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Fed Leaks Benefit Certain Investors

A recent study by two Berkeley University economists not only confirms that the Federal Reserve routinely "leaks" confidential information but that the recipients of those leaks may be on the ground floor of a great investment strategy:

Vissing-Jorgensen and her colleagues found that the stock market delivers better returns versus Treasury bills the second, fourth, and sixth weeks after each of the Fed's eight policy-setting meetings during a given year. During odd weeks, returns are poor, they found.

An investor could simply exit the stock market during odd-numbered weeks, and return during even-numbered ones, and make much more than an investor who stayed in the stock market the whole time, they suggested.

The weeks that have excess stock-market returns are generally the same in which there are closed Fed Board meetings, and increased volatility in short-term interest-rate futures contracts suggests that it is information on monetary policy from those meetings that is driving the pattern.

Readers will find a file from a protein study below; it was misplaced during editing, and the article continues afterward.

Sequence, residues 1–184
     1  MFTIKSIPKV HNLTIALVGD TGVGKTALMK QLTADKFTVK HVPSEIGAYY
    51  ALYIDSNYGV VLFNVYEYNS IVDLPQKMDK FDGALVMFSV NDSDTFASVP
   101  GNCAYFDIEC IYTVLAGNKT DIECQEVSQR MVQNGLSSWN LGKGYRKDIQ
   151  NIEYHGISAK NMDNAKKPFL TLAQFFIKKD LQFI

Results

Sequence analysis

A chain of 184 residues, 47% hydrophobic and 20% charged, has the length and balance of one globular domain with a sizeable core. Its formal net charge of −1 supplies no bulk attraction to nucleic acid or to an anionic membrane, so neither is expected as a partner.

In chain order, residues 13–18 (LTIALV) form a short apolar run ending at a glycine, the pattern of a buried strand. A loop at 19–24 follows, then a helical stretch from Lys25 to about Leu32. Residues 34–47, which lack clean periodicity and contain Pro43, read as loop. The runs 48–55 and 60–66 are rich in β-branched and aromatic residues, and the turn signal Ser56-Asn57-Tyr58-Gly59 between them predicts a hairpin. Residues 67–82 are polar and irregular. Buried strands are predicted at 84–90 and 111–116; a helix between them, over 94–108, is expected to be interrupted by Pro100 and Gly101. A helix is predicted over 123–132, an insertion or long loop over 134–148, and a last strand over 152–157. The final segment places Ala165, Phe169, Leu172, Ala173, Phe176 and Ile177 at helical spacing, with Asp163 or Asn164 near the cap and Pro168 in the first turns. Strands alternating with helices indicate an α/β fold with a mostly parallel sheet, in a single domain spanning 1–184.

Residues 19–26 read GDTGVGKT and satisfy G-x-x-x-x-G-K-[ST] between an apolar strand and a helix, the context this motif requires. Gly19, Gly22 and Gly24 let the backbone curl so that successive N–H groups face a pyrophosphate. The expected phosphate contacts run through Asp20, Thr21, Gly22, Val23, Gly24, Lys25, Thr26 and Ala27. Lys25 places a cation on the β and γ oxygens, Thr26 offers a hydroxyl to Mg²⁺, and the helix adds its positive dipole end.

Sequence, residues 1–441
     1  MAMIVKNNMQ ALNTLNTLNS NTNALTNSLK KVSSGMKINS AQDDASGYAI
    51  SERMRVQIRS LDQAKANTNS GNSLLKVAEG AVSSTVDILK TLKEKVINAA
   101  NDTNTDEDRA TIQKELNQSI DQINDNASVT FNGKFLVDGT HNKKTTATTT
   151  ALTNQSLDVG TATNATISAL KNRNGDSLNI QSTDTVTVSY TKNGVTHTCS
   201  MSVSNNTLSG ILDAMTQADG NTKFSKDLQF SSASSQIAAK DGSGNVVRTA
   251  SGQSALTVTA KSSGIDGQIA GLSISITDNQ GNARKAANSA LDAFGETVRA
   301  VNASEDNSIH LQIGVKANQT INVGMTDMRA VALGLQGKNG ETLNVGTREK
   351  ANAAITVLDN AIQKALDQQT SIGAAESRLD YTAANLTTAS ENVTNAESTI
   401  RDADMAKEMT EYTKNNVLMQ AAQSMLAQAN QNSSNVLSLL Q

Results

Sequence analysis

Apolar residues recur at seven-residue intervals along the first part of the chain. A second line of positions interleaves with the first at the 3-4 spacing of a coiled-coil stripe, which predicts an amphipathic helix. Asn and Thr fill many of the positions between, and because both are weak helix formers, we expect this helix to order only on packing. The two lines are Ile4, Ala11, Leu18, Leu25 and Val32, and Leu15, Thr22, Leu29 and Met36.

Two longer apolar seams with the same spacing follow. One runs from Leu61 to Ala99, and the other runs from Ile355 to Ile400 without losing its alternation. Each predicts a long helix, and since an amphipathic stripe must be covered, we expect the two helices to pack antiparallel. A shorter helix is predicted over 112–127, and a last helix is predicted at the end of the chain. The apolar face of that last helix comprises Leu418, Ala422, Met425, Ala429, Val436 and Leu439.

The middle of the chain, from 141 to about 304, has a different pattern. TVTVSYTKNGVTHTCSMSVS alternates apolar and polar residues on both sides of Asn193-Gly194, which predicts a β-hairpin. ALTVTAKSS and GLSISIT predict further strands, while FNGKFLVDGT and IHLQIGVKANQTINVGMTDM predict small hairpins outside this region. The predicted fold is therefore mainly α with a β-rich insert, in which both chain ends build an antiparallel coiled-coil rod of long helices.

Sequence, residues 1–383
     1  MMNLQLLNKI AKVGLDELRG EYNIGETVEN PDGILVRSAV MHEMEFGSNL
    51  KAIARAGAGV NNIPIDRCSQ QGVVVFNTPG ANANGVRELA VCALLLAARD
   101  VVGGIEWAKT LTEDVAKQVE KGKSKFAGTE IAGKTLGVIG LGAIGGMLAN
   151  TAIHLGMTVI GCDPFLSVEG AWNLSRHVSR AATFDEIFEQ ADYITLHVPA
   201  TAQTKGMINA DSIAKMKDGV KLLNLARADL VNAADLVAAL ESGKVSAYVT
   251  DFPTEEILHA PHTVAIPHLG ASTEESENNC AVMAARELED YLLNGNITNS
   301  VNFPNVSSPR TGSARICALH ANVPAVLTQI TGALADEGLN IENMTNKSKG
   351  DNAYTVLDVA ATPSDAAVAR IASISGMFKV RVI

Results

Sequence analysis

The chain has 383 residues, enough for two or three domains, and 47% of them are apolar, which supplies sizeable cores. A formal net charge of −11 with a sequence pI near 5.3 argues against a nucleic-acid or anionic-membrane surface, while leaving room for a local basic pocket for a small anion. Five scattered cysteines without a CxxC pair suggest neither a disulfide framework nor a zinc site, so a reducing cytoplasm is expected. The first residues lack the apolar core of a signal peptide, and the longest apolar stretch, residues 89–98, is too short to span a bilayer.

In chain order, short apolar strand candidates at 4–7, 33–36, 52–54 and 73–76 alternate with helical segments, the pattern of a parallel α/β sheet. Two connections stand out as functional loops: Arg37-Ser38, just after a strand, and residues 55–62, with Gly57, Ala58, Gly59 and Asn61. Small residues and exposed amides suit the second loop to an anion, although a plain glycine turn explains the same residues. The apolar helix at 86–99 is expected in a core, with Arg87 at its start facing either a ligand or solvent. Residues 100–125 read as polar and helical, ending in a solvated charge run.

"The most important and likely channel through which information gets from the Fed to asset markets is informal communication with the media or private financial institutions," Vissing-Jorgensen wrote.

The authors of the study claim that the Fed's leak serves a useful purpose:

According to Vissing-Jorgensen, however, such leaks - or informal communications, as they are termed in the academic literature - occur frequently and are not necessarily bad. Fed officials may want to test market reaction to a particular policy move ahead of time, and leaks are one way to do so.

European Central Bank Board member Benoit Coeure, reacting to the research on Saturday, said central bankers do sometimes need to send up covert trial balloons on policy, or check with investors afterward on how a policy move panned out. Still, he said, central bankers should try to be as transparent as possible.

Leaking confidential information that could effect the values of US Treasuries is called "a useful way to test reaction to policy" when the Fed does it, but when a private individual does it, it is called insider trading.

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